ornament / jewellery
An inlaid ornament composed of a winged scarab holding a sun's disc in its forefeet and a 'kha'-sign in its back feet, made from electrum inlaid with cornelian, lapis lazuli and green feldspar. The 'kha'-sign is flanked by papyrus umbels whose wire stems surround and unite the three symbols. The design represents the prenomen of Senusret II, Kha-kheper-Re.
The head of the scarab is inlaid with lapis lazuli, its back with green feldspar and its wing-cases with lapis lazuli. Only four legs are represented, made from flat wire soldered to the underside of the body. The forelegs are notched; they hold the circular cloison of the sun's disc which is inlaid with cornelian. The back legs rest on the 'kha'-sign which is inlaid with cornelian below and green feldspar above. The papyrus heads flank the 'kha'-sign. They are inlaid with green feldspar and are framed by two pieces of wire curving around underneath but not reaching as far as the ends of the heads of the flowers. The wire is soldered to the legs and the body.
The wings, wider at the base and pointed at the ends, are filled with strips of coloured stones arranged side by side, not in cloisons. At the base of the wing is a shaped piece of cornelian fitting the point which joins the body; next comes a bar of green feldspar (missing on the left side and replaced by a green-painted inlay). Then come strips of lapis lazuli, carnelian and green felspar, with lapis lazuli in one wing-tip and dark-blue glazed composition in the other. These inlays are held in place by a brownish glue or cement.
The cloisons were probably made all in one, folded up in a mould, and not from single pieces of metal soldered together to form a box. Tubes are soldered to the underside of the wings at a slight angle following the line of the wings; they are notched with three lines to represent separate rings. They could have been used for sewing the piece on to a cloth or for a suspension wire or thread. The reverse is not decorated, and smooth except for the body of the scarab which has grooves across it imitating the underside of a beetle.
- 1897BC-1878BC (circa)
- Found/Acquired: Egypt
- Length: 3.5 centimetres (wing span)
- Length: 1.5 centimetres (wing length)
- Height: 1.8 centimetres (total height)
This ornament is very similar to one found in 1912-13 at el-Riqqa in tomb a L24 (see R. Engelbach, ‘Riqqeh and Memphis’ VI (London, 1915), pl. I, 1 = Manchester University Museum 5967), which consists of a winged scarab, its head missing, with the 'kha'-sign below and lotus flowers under the wings. It could almost be a companion piece. Engelbach (R. Engelbach, 'Harageh' (London, 1923), 15; pl. XV, 2: parts of a silver pectoral, much corroded, consisting of a cartouche containing the signs 'kheper', 'kha' and 'Re', from tomb 124 = St. Louis Missouri E 9064.1 (?)) was of the opinion that jewellery from a tomb at el-Haraga (tomb 124) and that of tomb A 124 might be from the same hand.
Cf. Kha-kheper-Re in pectorals: J. de Morgan, ‘Fouilles à Dahchour, Mars-Juin, 1894’ (Vienna, 1895), pls. XV, XVI, XXI, no. 1 = C. Aldred, ‘Jewels of the Pharaohs’ (London, 1971), pl. 33 = A. Wilkinson, 'Ancient Egyptian Jewellery' (London, 1971), pl. XVIIA, B: gold with inlays of lapis lazuli, cornelian and turquoise from Sit-Hathor's treasure at Dahshur = E. Vernier, ‘Bijoux et orfèvreries. Catalogue général des antiquities égyptiennes du Musée dr Caire’ (Cairo, 1927), 52001; and G. Brunton, ‘Lahun, I, The Treasure’ (London, 1920), pls. V, VII, A, B = C. Aldred, ‘Jewels of the Pharaohs’ (London, 1971), pl.37 = A. Wilkinson, 'Ancient Egyptian Jewellery' (London, 1971), pls. I, XVI: gold with inlays of lapis lazuli, cornelian and turquoise, from the treasure of Sit-Hathor-lunet at Illahun = New York, MMA 16.1.3.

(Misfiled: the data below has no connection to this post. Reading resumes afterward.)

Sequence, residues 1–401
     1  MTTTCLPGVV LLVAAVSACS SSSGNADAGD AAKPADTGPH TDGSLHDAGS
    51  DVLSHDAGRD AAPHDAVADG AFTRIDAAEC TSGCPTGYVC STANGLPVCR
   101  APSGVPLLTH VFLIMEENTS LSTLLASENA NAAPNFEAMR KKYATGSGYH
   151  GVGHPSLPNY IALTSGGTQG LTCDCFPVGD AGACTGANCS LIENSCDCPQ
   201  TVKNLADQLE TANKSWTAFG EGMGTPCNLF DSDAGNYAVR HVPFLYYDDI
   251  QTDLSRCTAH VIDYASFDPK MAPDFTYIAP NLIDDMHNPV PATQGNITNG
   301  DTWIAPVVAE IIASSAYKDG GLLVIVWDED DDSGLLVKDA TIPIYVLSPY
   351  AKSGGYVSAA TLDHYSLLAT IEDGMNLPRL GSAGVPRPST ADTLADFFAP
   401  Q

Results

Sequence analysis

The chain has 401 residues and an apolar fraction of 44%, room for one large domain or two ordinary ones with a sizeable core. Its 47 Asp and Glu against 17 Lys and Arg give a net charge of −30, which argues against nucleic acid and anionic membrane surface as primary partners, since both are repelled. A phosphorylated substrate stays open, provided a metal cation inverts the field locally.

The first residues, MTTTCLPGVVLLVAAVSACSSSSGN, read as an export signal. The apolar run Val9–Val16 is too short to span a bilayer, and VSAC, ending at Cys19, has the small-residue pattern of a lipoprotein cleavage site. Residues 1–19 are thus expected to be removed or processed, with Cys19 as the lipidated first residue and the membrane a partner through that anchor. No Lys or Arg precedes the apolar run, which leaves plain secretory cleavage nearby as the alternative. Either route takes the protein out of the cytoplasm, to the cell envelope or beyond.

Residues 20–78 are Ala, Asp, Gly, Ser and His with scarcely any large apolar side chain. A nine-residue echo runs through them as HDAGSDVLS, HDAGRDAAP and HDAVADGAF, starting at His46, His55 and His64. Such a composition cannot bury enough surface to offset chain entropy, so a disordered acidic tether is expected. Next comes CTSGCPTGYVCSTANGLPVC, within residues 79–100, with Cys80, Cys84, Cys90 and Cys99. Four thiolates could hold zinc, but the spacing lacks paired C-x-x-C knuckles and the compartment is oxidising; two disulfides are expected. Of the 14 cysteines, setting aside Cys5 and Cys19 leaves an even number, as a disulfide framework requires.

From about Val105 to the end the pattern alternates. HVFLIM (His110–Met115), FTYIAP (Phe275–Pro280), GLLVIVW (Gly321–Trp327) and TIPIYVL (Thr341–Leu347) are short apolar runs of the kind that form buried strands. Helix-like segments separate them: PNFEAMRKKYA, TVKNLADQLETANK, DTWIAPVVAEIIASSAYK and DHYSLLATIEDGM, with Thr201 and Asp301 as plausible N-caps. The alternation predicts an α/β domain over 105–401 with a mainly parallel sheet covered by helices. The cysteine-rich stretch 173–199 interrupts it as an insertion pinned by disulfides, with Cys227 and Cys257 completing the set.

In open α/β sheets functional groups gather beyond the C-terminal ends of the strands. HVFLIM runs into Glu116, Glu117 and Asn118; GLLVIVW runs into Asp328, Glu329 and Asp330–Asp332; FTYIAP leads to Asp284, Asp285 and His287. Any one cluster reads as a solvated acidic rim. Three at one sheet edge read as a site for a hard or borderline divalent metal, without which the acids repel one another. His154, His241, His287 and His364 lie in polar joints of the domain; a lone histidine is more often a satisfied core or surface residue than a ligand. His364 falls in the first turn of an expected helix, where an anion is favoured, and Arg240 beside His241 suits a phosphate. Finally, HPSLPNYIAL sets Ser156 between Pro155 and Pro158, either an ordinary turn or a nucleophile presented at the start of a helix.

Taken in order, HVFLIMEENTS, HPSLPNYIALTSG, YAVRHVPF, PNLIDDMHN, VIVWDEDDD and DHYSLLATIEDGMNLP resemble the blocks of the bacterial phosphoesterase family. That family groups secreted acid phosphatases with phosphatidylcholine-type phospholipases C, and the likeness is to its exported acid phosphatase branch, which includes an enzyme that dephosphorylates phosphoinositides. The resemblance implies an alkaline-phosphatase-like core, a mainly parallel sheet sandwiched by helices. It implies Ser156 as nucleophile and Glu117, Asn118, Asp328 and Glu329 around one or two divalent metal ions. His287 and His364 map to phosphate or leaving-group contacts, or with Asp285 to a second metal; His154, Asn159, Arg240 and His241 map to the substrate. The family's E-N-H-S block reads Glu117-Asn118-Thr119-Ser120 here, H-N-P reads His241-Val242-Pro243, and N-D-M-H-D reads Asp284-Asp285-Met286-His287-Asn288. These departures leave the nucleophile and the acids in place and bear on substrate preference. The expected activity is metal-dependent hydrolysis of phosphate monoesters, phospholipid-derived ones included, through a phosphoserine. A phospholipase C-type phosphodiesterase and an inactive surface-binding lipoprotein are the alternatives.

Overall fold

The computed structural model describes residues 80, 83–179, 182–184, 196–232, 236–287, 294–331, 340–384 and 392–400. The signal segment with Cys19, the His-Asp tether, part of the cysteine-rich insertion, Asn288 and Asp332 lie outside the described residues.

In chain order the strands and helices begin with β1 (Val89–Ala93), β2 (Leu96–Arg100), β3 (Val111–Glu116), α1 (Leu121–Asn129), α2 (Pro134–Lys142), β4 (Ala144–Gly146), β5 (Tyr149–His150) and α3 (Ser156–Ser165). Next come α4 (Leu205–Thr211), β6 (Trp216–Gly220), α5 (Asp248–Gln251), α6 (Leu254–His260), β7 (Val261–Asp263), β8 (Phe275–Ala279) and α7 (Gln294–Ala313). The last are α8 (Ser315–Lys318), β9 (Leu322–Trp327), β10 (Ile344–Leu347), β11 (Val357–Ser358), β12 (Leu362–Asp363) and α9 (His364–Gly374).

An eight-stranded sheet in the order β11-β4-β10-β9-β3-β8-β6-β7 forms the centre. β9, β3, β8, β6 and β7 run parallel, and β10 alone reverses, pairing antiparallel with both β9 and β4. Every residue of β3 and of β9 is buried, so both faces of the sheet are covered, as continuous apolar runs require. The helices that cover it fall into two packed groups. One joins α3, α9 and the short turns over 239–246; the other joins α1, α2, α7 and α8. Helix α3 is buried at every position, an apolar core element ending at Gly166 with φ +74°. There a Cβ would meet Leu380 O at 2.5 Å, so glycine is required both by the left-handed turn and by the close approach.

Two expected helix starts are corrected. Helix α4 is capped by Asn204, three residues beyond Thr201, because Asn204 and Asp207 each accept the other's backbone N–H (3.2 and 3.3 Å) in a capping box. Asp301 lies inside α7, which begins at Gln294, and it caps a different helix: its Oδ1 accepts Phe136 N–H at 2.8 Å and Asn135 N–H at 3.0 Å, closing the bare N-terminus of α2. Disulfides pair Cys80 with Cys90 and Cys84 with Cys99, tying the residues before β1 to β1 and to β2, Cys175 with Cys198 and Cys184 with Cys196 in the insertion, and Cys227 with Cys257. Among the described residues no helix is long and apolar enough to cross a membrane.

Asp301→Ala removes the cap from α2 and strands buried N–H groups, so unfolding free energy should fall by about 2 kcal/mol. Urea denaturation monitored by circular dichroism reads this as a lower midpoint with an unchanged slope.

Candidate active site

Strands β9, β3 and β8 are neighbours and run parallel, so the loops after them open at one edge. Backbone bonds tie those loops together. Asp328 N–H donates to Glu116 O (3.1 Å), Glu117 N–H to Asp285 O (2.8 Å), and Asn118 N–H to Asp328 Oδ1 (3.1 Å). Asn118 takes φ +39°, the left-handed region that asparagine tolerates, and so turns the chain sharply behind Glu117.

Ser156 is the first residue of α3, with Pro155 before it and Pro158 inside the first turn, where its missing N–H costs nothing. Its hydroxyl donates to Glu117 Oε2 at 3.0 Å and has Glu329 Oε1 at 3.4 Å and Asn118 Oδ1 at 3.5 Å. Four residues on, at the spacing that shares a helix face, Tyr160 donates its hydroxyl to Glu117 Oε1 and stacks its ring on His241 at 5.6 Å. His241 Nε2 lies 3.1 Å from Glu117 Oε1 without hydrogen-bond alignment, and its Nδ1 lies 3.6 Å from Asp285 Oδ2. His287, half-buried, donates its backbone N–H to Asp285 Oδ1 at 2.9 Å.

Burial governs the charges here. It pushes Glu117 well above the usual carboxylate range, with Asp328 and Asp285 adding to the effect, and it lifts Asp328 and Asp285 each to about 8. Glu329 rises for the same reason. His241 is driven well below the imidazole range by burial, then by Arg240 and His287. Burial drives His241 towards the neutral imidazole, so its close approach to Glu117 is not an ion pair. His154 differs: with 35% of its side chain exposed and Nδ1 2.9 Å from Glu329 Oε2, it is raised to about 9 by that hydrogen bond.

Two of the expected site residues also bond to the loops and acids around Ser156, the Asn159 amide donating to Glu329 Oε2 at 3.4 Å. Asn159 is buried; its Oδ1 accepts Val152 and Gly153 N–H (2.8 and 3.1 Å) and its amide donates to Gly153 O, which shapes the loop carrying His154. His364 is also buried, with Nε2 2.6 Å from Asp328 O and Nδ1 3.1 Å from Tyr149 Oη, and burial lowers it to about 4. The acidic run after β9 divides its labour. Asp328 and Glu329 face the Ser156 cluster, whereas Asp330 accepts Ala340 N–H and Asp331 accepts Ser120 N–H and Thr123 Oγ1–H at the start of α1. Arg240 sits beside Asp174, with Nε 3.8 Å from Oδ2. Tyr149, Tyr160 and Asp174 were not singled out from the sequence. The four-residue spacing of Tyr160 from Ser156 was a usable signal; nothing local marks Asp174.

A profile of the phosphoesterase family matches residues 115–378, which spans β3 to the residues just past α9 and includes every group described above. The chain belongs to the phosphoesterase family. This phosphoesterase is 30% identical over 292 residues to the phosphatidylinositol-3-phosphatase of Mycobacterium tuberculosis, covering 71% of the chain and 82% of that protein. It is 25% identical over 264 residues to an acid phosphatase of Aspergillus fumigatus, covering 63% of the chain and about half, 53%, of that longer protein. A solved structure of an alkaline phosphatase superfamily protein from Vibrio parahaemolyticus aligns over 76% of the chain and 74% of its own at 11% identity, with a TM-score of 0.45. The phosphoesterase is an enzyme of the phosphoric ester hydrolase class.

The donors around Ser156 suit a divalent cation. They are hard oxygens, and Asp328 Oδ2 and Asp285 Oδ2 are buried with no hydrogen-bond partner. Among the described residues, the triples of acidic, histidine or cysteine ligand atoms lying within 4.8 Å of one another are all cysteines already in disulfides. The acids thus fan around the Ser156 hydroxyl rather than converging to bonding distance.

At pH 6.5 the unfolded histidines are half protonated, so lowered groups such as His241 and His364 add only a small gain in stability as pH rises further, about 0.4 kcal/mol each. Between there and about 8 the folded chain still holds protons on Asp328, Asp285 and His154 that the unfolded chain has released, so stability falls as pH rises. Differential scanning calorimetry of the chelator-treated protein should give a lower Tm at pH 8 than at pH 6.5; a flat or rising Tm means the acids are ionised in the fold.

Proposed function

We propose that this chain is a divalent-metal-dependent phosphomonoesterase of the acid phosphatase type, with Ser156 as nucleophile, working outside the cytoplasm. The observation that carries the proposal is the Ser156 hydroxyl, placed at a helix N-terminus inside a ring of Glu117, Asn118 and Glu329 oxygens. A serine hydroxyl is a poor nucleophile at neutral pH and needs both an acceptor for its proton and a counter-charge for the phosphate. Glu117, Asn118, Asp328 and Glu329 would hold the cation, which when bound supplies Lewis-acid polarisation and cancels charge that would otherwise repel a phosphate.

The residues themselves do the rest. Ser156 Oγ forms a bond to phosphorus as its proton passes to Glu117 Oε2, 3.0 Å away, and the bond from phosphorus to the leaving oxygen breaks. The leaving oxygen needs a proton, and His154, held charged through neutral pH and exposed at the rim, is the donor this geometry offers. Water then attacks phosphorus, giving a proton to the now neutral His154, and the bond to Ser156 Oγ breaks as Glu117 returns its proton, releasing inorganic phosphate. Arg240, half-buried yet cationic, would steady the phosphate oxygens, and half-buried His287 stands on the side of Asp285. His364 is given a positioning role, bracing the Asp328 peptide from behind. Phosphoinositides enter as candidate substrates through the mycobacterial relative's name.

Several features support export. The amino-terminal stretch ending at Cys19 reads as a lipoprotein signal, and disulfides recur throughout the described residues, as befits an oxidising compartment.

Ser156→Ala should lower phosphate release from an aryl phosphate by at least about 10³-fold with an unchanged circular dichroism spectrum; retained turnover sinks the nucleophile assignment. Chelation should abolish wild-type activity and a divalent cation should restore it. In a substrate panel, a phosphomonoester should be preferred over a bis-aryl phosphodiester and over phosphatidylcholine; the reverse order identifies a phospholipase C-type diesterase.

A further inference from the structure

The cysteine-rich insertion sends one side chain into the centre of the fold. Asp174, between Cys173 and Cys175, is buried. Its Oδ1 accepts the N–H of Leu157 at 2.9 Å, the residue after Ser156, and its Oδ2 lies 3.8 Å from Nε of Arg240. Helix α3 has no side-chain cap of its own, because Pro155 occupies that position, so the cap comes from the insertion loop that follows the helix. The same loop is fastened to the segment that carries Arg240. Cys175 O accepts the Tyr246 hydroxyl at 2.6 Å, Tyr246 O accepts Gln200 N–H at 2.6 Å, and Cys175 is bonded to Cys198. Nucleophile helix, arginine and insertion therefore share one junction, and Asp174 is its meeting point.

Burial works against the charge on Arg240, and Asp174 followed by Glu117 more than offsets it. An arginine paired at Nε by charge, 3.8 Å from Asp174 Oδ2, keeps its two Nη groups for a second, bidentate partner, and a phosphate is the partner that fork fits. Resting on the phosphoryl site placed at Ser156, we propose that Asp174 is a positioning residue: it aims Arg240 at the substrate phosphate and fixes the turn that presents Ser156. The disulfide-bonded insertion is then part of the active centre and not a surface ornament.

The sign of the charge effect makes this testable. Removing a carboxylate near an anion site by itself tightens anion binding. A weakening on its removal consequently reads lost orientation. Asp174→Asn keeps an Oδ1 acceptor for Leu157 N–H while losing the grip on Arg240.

E. A. Wallis Budge 'A Guide to the Fourth, Fifth and Sixth Egyptian Rooms, and the Coptic Room' (London, 1922), 96, no. 668:
A. Wilkinson, 'Ancient Egyptian Jewellery' (London, 1971), 90;
The British Museum, 'Jewellery through 7000 years' [exhibition catalogue] (London, 1976), no. 23;
I. Shaw and P. Nicholson, 'British Museum Dictionary of Ancient Egypt (London, 1995), p.144;
R. Parkinson, ‘ Cracking Codes: The Rosetta Stone and Decipherment’ (London, 1999), cat 29;
N. Strudwick, Masterpieces of Ancient Egypt, London 2006, p. 97.
2011 Jul–Sept, Newcastle, Great North Museum, Pharaoh: King of Egypt
2012 Oct–Jan, Dorchester, Dorset County Museum, Pharaoh: King of Egypt
2012 Feb–June, Leeds City Museum, Pharaoh: King of Egypt
2012 Jul-Oct, Birmingham Museum and Art Gallery, Pharaoh: King of Egypt
2012 Nov– Feb 2013, Glasgow, Kelvingrove Art Gallery and Museum, Pharaoh: King of Egypt
2013 Mar–Aug, Bristol Museum and Art Gallery , Pharaoh: King of Egypt
[Theme: Royal Regalia & Titles]
2013, 25 Oct- 2014, 15 Feb, Wuhan, Hubei Provincial Museum, Pharaoh: King of Egypt, PROMISED
22 July 1981
Reason for treatment
Delacquer and clean.
Lacquered. One piece of inlay made of painted perspex (?). Gold tarnished, copper corrosion.
Whole swabbed with acetone. Gold swabbed with 30% v/v formic acid. Wiped with Goddard's Long Term Silver Cloth.
Ancient Egypt & Sudan
If you’ve noticed a mistake or have any further information about this object, please email: firstname.lastname@example.org
Object reference number: YCA69237
British Museum collection data is also available in the W3C open data standard, RDF, allowing it to join and relate to a growing body of linked data published by organisations around the world.
The Museum makes its collection database available to be used by scholars around the world. Donations will help support curatorial, documentation and digitisation projects.